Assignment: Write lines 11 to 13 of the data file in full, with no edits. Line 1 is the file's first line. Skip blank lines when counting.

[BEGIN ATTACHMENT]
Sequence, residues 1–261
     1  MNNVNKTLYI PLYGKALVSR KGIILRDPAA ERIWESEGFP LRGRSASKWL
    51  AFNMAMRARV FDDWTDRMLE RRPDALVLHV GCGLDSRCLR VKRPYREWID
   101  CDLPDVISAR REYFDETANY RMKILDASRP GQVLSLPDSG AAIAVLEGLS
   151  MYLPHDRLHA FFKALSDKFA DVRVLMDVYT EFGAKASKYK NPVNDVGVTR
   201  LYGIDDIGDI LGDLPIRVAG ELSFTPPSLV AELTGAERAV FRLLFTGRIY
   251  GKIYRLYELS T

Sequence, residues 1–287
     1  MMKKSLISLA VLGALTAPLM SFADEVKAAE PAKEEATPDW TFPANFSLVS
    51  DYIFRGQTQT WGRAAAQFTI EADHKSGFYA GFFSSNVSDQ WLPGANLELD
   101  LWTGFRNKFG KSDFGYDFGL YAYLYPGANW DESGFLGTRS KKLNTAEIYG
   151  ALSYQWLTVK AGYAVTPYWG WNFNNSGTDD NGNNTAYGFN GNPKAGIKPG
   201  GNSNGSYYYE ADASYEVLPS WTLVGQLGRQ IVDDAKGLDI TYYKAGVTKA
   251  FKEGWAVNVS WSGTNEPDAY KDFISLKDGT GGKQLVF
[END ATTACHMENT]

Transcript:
   101  LWTGFRNKFG KSDFGYDFGL YAYLYPGANW DESGFLGTRS KKLNTAEIYG
   151  ALSYQWLTVK AGYAVTPYWG WNFNNSGTDD NGNNTAYGFN GNPKAGIKPG
   201  GNSNGSYYYE ADASYEVLPS WTLVGQLGRQ IVDDAKGLDI TYYKAGVTKA